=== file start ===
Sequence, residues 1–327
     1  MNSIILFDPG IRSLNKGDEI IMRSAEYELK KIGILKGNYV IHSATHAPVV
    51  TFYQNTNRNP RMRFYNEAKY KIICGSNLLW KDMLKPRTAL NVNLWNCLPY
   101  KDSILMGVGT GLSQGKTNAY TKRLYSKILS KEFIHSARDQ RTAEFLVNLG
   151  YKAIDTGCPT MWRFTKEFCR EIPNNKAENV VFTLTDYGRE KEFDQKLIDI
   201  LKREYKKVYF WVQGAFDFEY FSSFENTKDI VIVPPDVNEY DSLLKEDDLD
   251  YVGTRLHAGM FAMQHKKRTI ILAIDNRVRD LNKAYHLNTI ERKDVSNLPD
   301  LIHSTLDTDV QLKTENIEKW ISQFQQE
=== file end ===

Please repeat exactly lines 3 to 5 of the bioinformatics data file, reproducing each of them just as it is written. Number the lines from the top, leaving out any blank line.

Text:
    51  TFYQNTNRNP RMRFYNEAKY KIICGSNLLW KDMLKPRTAL NVNLWNCLPY
   101  KDSILMGVGT GLSQGKTNAY TKRLYSKILS KEFIHSARDQ RTAEFLVNLG
   151  YKAIDTGCPT MWRFTKEFCR EIPNNKAENV VFTLTDYGRE KEFDQKLIDI